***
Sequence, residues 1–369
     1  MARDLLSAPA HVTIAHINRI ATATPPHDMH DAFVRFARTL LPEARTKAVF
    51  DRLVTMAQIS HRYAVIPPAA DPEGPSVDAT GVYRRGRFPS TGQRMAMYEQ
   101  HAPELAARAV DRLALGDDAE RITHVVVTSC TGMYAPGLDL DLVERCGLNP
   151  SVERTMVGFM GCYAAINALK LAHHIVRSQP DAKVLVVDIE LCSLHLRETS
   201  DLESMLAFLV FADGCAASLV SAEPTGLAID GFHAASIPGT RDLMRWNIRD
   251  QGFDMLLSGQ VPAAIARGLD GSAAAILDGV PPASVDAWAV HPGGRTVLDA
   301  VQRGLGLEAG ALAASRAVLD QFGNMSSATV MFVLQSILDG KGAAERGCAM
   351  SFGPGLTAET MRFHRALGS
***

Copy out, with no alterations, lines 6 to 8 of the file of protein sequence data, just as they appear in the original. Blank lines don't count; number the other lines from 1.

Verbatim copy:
   201  DLESMLAFLV FADGCAASLV SAEPTGLAID GFHAASIPGT RDLMRWNIRD
   251  QGFDMLLSGQ VPAAIARGLD GSAAAILDGV PPASVDAWAV HPGGRTVLDA
   301  VQRGLGLEAG ALAASRAVLD QFGNMSSATV MFVLQSILDG KGAAERGCAM